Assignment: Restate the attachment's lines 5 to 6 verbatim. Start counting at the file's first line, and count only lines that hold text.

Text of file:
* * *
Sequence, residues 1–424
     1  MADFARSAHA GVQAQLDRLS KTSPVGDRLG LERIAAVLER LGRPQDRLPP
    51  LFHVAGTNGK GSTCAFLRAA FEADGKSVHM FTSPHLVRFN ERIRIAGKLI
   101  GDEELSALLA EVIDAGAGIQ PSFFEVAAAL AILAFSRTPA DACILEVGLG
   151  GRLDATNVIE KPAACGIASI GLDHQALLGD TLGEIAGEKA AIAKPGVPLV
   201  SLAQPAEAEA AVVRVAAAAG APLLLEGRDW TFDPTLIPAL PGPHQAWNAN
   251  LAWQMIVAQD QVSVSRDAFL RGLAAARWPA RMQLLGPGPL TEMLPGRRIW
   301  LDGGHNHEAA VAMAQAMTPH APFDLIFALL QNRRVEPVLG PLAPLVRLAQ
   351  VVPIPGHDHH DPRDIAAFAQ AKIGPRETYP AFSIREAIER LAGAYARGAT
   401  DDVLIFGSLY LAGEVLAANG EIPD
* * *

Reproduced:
   151  GRLDATNVIE KPAACGIASI GLDHQALLGD TLGEIAGEKA AIAKPGVPLV
   201  SLAQPAEAEA AVVRVAAAAG APLLLEGRDW TFDPTLIPAL PGPHQAWNAN